Colin Jahal: Some progress on the unique ergodicity problem
Thursday, 20.05.2021 10:30 im Raum via Zoom
In 2005, Kechris, Pestov and Todorcevic exhibited a correspondence between combinatorial properties of structures and dynamical properties of their automorphism groups. In 2012, Angel, Kechris and Lyons used this correspondence to show the unique ergodicity of all the minimal actions of some subgroups of $S_\infty$. In this talk, I will give an overview of the aforementioned results and discuss recent work generalizing results of Angel, Kechris and Lyons in several directions.
Many geometric applications of PDEs depend on transversality results, e.g. in gauge theory or symplectic topology. One needs certain moduli spaces of solutions to elliptic PDEs such as Seiberg-Witten monopoles or pseudoholomorphic curves to be "transversely cut out", so that they are smooth and have the expected dimension. A problem arises: these PDEs often come with natural symmetries, and everyone knows that you cannot have transversality and symmetry at the same time. In this talk, I will outline a general strategy to deal with transversality without sacrificing symmetry, and discuss what conditions need to be checked before you can apply it to your favorite PDE.
In this seminar I will review the theory of flat G-chains, as they were introduced by H. W. Fleming in 1966, and currents with coefficients in groups. One of the most recent development of the theory concerns its application to the Steiner tree problem and other minimal network problems which are related with a Eulerian formulation of the branched optimal transport. Starting from a 2016 paper by A. Marchese and myself, I will show how these problems are equivalent to a mass-minimization problem in the framework of currents with coefficients in a (suitably chosen) normed group.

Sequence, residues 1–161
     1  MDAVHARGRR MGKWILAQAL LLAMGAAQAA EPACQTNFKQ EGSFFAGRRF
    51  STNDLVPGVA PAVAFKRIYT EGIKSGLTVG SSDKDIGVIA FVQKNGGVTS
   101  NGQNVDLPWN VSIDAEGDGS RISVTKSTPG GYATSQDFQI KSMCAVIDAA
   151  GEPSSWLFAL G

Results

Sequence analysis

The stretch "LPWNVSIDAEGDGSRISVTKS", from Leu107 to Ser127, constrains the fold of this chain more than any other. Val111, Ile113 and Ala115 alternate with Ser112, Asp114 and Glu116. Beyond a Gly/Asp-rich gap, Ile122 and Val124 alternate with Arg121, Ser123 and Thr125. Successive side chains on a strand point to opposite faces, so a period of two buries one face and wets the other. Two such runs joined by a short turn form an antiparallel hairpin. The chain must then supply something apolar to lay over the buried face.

A Jordan curve is a simple loop on the sphere. We recently introduced the conformally invariant Loewner energy to measure the roundness of a Jordan curve. Initially, the definition is motivated by describing asymptotic behaviors of Schramm-Loewner evolution (SLE), a probabilistic model of random curves of importance in statistical mechanics. Intriguingly, this energy is shown to be finite if and only if the curve is a Weil-Petersson quasicircle, an interesting class of Jordan curves that has more than 20 equivalent definitions arising in very different contexts, including Teichmueller theory, geometric function theory, hyperbolic geometry, and string theory. The myriad of perspectives on this class of curves studied since the eighties is both luxurious and mysterious. In my talk, I will overview the basics of Loewner energy, SLE, and Weil-Petersson quasicircles and show you how ideas from probability theory inspire many new results on Weil-Petersson quasicircles.
Abstract: Localized spot patterns, where one or more solution components concentrates at discrete points in the domain, are a common class of localized pattern for reaction-diffusion systems, and they arise in a wide range of modeling scenarios. A theoretical study of such patterns in a 3-D setting is, largely, a new frontier. In an arbitrary bounded 3-D domain, the existence, linear stability, and slow dynamics of localized multi-spot patterns is analyzed for the well-known singularly perturbed Gierer-Meinhardt (GM) and Schnakenberg systems in the limit of a small activator diffusivity. Depending on the range of parameters, spot patterns can undergo competition instabilities, leading to spot-annihilation events, or shape-deforming instabilities triggering spot self-replication. In the absence of these instabilities, spots evolve slowly according to an ODE gradient flow, given by a discrete energy defined in terms of the reduced-wave Green's function. Open problems for localization on higher co-dimension structures are discussed.